Schools across the country have closed their doors to protect students, employees, and communities from the spread of COVID-19. While schools may be closed, district and school leaders, teachers and students are doing their best to maintain momentum and learning. This means many people across the country are suddenly remote workers.
What is the definition of innovation? It turns out that most people can’t agree. I’m not surprised! It’s one of those words we use so much, but we rarely pause to think about what it really means. Now that I’ve read over 100 different definitions of “innovation,” I’m going to lean on this one:
As Thanksgiving approaches and 2019 nears an end, I’m taking some time to reflect on what I’m grateful for this year. When I zoom out and think about the past 11 months, I realize that I am especially grateful for all the ways that teams have shown up in my life this year.
Have you ever caught yourself working deadline to deadline without coming up for air? I have and I’ve sworn to myself it would be the last time, only to return to that place and wonder, how did I get here again? Inertia is a property of matter by which it remains in uniform motion within its existing state. I’ve seen many versions of “working inertia” in my time in education: teachers planning lesson to lesson, coaches jumping from PD to PD, leaders thinking from meeting to meeting, schools operating from year to year. While the scale of this phenomenon varies, the pattern is consistent: over time, our repeated habits slowly mold us into ways of working that don’t leave room to step out of ourselves, reflect, and question our approach. Wondering ‘how did I get here again?’ now signals to me that my working inertia has built up a disconnect between how I want to work and how I am working. It is in those moments that I can feel trapped in a habit loop of working, where I lose sight of my purpose and my pursuit of innovation.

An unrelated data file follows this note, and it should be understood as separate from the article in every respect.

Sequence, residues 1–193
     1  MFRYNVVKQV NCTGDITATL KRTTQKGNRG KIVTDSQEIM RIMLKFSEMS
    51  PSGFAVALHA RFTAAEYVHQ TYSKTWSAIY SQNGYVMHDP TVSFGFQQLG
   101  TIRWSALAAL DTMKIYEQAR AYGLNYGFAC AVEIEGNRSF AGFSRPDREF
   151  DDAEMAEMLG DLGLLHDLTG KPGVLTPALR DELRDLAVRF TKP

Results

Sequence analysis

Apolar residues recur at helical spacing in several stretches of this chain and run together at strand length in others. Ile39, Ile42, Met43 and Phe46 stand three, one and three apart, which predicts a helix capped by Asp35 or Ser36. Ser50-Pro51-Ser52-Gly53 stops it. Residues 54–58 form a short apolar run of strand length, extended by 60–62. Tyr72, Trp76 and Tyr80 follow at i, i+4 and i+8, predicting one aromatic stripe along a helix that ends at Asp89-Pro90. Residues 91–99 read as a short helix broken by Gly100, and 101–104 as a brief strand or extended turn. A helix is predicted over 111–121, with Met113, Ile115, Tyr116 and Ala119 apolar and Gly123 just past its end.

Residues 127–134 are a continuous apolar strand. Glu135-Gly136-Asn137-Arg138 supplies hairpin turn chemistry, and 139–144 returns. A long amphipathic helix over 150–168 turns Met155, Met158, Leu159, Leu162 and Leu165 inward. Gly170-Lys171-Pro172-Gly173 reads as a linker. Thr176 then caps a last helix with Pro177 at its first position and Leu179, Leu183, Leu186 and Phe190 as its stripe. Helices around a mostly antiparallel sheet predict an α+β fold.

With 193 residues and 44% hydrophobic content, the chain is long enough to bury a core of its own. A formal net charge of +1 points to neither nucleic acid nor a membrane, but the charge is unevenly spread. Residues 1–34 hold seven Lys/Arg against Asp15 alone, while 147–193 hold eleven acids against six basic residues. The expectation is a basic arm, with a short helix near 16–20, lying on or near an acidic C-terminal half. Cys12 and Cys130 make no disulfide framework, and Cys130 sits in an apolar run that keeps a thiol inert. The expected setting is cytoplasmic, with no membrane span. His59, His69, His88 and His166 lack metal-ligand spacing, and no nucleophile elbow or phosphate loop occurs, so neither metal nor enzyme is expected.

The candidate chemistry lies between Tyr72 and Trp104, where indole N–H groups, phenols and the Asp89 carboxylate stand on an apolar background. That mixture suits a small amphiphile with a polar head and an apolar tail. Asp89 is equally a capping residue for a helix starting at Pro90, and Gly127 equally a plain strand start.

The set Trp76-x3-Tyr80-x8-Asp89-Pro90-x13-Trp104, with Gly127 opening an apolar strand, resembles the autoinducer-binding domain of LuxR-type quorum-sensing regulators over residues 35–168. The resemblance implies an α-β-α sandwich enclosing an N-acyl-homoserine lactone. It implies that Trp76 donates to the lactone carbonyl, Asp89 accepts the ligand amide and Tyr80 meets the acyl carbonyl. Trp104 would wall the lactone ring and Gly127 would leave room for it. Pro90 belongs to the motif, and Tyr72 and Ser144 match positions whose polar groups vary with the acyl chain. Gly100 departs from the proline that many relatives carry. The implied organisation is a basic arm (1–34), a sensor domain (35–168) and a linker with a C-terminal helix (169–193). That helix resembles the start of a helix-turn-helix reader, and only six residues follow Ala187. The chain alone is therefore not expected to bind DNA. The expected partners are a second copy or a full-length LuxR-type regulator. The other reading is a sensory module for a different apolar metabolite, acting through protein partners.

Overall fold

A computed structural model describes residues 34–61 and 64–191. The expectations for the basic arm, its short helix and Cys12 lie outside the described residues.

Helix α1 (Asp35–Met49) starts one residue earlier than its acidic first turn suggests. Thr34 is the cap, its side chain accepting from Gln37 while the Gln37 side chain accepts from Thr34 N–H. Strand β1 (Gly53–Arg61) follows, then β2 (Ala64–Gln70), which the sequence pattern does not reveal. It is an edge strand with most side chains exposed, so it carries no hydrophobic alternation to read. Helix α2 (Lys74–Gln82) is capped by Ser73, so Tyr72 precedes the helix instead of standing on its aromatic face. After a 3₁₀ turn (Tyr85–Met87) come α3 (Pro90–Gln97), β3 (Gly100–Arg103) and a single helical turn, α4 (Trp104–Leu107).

The start of a new school year often brings with it discussions about new vision statements, improvement plans, yearlong initiatives and sweeping changes in the name of increasing student success. Yet in our work with school districts across the country, we’ve learned that it’s the smaller, individual leadership practices and team habits that lead to larger systems changes.
I was on a phone call with two principals earlier this week who shared a concern I hear often in working with school districts through large change management initiatives. Three years into their personalized learning journey, there are still at least a few teachers in their building who are resistant to the instructional shifts necessary to make learning personalized for each child. If you are a leader facing a similar situation, here are four key strategies for moving forward.